I advise myself,
If I shift my attention to something else —
Glittering ribbons of sunlight
Streaming down through the treetops,
Irascible scrub jays
Complaining on the fly,
Banana slugs poking along through the mud –
But I cannot for long not think
About Hopalong Cassidy’s horse.
I remember Rocinante, I remember Flicka and Black Beauty,
I even remember Bucephalus for God’s sake,
Yet I have forgotten the name
Of my childhood hero’s noble stallion.
I had a Hopalong Cassidy cup and plate
When I was a boy
With a picture of the man and his mount
Painted on each
And inscribed with the words
From your pal, Hoppy.
How I loved using my Hopalong Cassidy dinnerware
Every night at supper,
Watching the picture on the plate
Emerge from under a heap of mashed potatoes
Or a serving of . . .
Wait!  I’ve got it!  Topper!
The horse’s name was Topper!
Oh, I am a happy man now,
Relieved that the memory was not gone forever,
That the name has returned to me,
That my powers of recollection are still intact,
And I fairly float along the trail beside the creek
At the bottom of the hill,
Where small pines are decorated
With light green brushes of new growth
On the tips of their skinny branches,
Where towhees and juncos and sparrows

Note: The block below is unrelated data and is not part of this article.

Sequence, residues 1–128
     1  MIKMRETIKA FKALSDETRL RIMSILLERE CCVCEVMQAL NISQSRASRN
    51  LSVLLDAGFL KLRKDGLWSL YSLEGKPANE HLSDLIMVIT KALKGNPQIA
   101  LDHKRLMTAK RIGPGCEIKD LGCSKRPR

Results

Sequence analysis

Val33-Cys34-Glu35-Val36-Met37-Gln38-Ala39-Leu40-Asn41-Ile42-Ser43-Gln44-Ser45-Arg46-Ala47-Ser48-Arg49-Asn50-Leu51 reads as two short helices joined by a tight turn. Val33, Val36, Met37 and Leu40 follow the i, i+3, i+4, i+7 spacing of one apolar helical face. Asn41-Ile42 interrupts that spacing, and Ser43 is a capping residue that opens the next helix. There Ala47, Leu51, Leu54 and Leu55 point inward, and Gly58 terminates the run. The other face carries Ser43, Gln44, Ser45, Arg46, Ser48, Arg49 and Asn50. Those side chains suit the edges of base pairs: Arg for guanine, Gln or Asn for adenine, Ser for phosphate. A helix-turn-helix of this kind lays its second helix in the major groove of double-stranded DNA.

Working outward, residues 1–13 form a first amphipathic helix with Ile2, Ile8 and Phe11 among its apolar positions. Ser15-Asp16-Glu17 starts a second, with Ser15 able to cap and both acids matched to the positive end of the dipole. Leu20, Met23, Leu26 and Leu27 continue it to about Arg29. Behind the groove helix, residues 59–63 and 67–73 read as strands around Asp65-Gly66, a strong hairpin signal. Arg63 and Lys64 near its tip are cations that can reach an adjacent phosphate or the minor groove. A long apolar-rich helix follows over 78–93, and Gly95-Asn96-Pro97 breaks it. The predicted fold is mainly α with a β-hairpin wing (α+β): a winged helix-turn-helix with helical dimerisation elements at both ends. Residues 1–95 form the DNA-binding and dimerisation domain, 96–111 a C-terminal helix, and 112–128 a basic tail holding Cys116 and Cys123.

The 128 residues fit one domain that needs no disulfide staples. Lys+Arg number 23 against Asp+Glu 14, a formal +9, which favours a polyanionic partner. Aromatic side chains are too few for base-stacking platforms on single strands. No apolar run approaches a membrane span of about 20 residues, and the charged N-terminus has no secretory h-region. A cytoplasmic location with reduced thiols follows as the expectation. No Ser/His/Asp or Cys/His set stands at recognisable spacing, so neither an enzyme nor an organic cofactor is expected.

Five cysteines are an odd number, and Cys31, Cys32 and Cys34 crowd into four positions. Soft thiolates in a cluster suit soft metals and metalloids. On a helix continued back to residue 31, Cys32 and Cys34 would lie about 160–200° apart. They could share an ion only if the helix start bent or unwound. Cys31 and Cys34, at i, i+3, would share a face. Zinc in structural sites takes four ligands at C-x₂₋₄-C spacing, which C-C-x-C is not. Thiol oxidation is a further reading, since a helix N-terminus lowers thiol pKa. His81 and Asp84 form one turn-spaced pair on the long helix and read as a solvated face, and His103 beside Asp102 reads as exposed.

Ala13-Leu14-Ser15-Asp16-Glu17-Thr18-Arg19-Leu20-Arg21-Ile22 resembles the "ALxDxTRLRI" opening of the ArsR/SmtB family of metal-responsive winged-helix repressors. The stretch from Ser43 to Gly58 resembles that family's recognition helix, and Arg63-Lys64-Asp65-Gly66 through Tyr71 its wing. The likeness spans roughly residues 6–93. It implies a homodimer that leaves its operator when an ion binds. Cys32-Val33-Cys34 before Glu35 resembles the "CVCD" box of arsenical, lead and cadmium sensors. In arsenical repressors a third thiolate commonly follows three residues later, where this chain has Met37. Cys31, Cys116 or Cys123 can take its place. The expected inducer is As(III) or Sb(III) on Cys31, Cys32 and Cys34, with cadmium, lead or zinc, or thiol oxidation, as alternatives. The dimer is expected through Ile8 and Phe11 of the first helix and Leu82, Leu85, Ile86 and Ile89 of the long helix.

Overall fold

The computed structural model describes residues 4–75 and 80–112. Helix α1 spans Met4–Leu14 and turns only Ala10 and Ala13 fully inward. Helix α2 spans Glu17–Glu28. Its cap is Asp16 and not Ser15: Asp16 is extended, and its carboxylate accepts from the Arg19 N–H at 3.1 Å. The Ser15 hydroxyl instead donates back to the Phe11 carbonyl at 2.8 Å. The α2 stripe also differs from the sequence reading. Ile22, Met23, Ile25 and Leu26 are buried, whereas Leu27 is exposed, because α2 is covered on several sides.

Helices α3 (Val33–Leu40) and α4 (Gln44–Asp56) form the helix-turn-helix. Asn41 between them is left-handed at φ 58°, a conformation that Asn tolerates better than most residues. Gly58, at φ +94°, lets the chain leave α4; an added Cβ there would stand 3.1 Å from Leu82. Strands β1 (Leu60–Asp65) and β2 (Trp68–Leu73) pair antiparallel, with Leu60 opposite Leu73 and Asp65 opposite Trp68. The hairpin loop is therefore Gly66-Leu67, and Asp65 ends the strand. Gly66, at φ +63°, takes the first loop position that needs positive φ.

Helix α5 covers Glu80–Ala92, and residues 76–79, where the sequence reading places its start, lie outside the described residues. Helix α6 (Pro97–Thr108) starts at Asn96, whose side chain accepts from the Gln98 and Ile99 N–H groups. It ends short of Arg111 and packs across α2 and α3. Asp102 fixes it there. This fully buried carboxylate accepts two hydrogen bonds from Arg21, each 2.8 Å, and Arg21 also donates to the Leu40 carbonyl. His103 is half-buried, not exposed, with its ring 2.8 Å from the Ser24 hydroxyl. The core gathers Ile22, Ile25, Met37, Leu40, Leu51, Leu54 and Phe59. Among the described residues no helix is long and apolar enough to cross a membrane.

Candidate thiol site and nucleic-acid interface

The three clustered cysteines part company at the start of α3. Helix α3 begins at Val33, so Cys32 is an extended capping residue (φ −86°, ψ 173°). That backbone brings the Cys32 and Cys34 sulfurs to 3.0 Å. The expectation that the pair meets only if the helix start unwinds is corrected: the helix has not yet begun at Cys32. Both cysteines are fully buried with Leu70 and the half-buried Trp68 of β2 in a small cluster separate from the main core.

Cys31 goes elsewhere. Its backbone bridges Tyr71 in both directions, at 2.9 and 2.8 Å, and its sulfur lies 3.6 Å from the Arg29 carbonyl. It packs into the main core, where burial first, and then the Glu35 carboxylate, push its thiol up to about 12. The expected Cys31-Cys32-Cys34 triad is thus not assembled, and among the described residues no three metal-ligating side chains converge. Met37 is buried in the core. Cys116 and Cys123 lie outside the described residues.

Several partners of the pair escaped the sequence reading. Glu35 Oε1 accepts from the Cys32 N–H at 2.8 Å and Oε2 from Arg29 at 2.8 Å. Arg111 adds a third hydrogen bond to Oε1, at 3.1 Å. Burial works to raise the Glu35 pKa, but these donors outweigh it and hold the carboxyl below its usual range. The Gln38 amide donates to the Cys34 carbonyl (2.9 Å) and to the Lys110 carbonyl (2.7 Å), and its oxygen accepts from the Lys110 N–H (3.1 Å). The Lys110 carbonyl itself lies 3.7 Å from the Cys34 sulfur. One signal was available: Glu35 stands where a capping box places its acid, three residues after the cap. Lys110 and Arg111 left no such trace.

Hunting and pecking for food
Flit away into the trees as I approach,
Where the waters babble and tumble
Over stones and boulders
As they hurry toward the bay
And the great sea beyond,
And I would pronounce this a perfect day
If I could just recall
The name of the horse of the Cisco Kid.


It takes courage to give up an early memory in exchange for a present reality that might not be so pleasant. But the poet does it here with great courage and humor.

In a shoe box on the closet floor
Among decades of family snap shots
There is a photograph more than seventy years old
Of me and my first tricycle,
A wondrous vehicle I rode at breakneck velocity
All over the sidewalks and alleyways
Of the ramshackle little community of Carter Lake,
On the banks of an oxbow lake left behind
When the Missouri River decided to change course
And leave a chunk of Iowa
Stranded on the Nebraska side.
In the picture I am wearing a cowboy hat
And cowboy boots
As I sit on my three-wheeled speed machine
Splendidly fancied up with streamers and balloons
For the Fourth of July parade around town,
Which is just about to begin.
I loved that tricycle surpassingly
And as I approach my seventy-fifth birthday
I’m thinking it might be just the right time
For another one.
Not ready yet to give up cycling
But noticing myself
Having more and more little spats
With verticality,
I am concerned (and my wife vigorously agrees)
That on two wheels I might well become a menace
To myself and others on the roadway,
So one more wheel could be just the thing.
It’s not easy to adjust to the losses
That pile up in old age –
Agility, reflexes, balance, hearing, memory, dear friends –
And a little compensation from time to time
Can ward off despair.
For example, even now, months before my natal day,
I refresh and renew my spirit
By picturing a shiny three-speed three-wheeler
With its back-mounted basket
Full of groceries or library books
And me pedaling with mad abandon
Past pedestrians agog at the exuberant vitality
Of a well-wheeled old codger
In his own particular prime,
And for a happy moment
At the top of his game.